Graduates, in this future, I invite you to serve others as a means of ushering the conditions for a more perfect union and a more loving society.
Each of you already provides service to others, whether in your family, in community, or as is the case for veterans and active members of the military, for our nation.
Today, the opportunity, indeed the responsibility, to serve others is magnified by your university education.
You also now have the heightened responsibility of preserving and strengthening our democracy. No matter your program of study, I invite you to engage in the broader policy discussions, in the kind of civic engagements that strengthen this nation.
Our nation continues its pursuit of a more perfect union. We are engaged in a civil discourse on critical issues affecting countless people across our great nation.
As Graduates, you are now equipped with the knowledge and skills from your university learnings, which when combined with your personal experiences, positions you well to contribute to, and help lead, a civil and productive public discourse about consequential matters.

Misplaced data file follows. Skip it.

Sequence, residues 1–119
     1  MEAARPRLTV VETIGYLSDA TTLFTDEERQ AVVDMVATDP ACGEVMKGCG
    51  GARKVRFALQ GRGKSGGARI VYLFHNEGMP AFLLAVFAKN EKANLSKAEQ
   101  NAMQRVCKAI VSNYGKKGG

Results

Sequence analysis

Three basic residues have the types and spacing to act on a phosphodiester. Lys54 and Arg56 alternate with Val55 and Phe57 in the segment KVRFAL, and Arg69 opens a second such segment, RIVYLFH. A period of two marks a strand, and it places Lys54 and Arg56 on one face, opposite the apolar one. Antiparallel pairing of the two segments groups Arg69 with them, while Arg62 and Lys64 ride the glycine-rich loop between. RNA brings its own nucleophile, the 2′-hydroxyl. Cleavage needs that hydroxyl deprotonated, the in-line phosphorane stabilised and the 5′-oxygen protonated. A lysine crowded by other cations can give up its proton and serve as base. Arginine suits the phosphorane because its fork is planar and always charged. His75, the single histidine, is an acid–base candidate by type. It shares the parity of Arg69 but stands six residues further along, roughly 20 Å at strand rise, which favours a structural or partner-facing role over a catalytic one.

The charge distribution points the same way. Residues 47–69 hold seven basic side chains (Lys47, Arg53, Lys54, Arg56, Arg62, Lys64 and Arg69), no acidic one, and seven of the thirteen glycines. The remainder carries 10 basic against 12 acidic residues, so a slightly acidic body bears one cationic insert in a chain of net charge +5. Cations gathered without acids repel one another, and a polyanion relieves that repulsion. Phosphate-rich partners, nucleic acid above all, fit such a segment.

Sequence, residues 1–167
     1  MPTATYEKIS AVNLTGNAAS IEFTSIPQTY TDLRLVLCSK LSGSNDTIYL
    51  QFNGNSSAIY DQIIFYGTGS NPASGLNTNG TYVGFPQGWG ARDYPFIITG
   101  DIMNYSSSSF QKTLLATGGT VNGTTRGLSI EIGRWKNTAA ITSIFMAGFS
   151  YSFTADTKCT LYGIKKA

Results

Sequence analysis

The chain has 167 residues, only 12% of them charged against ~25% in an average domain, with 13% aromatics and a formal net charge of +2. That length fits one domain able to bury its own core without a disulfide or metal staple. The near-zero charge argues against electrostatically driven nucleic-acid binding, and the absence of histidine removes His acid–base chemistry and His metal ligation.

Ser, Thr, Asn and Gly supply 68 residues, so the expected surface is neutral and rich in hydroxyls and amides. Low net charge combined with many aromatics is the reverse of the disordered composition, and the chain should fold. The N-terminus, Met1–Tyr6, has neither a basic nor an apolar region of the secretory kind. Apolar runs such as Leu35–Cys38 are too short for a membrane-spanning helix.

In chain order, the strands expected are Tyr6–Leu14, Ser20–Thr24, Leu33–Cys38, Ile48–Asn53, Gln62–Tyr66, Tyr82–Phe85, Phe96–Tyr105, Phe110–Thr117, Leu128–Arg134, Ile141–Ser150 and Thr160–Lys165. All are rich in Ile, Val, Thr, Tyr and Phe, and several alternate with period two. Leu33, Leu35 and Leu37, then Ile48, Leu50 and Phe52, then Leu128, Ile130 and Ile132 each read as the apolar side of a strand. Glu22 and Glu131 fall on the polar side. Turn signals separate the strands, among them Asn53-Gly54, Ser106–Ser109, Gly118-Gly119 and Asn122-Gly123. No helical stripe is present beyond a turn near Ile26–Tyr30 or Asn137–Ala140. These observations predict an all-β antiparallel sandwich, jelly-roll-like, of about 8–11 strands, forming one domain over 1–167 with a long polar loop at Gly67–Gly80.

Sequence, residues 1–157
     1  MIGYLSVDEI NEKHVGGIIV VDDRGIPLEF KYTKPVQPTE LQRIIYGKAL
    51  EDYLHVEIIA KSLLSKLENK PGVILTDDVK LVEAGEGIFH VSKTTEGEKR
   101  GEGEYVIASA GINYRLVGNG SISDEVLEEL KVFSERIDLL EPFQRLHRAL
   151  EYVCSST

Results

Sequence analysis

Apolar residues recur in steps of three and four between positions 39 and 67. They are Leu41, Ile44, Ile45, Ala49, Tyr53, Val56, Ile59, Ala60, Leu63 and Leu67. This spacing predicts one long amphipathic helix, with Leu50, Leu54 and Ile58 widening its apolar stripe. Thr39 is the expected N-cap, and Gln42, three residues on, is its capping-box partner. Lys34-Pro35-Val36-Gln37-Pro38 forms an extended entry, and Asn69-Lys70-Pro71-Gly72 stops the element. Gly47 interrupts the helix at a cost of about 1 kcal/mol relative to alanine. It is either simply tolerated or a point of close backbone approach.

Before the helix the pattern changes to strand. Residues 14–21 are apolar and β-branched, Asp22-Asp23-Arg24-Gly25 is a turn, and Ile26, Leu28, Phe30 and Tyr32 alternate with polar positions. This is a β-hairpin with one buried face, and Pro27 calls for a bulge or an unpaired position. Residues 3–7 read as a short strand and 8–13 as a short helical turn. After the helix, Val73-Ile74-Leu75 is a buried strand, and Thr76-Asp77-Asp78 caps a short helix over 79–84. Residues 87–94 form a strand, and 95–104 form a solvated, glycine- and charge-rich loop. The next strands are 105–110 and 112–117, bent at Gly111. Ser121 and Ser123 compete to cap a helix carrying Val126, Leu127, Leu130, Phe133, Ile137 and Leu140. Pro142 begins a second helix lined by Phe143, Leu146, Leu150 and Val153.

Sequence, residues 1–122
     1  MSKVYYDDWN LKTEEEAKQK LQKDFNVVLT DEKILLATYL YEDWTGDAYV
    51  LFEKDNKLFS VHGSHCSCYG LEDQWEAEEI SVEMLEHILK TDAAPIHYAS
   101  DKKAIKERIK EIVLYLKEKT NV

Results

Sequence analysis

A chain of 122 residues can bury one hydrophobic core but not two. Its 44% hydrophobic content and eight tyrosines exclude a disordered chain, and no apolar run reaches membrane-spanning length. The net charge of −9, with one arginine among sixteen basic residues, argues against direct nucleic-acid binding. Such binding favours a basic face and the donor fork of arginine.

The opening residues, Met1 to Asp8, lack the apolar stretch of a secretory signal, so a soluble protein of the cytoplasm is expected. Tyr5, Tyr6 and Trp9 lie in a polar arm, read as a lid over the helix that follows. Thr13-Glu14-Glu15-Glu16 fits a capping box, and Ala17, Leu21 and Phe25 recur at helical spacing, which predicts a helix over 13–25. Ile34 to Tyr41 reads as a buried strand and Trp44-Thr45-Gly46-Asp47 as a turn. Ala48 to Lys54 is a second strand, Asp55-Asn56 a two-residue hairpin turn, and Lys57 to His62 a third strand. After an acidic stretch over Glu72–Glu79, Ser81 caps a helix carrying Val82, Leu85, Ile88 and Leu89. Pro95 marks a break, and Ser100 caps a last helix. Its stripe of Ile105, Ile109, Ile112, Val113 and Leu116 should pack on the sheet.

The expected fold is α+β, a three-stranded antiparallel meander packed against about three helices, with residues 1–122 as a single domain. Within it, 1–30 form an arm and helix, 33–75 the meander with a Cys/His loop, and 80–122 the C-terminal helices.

We have ample choices of consequential matters which need our attention, like homelessness, climate change, mental health wellness, pandemic recovery, racism, and abject poverty, to name a few.
We also have ample choices on how we might engage. While we might choose to not engage at all, to take the road of least resistance, I implore you to choose action over indifference!
Finally graduates, you are among the first cohort of college degree-holders who will shape a post-pandemic America.
The essence that is you—emboldened and sharpened by your university studies —must now be shared with our brothers and sisters across the union.
We need your talent and your optimism for a better future.
We need you to contribute to the shaping of a more perfect union.
In the words of the late Honorable John Lewis, we need you to make “good trouble!”
The world is waiting for you. Charge ahead with optimism and love.
Graduates, Congratulations! ¡Felicidades!
Cherish this beautiful moment with your family and friends. You’ve earned it!
President Milliron, thank you for your service to National University, thank you for your enduring commitment to students from all walks of life, and thank you for inviting me to join you in celebrating these extraordinary graduates.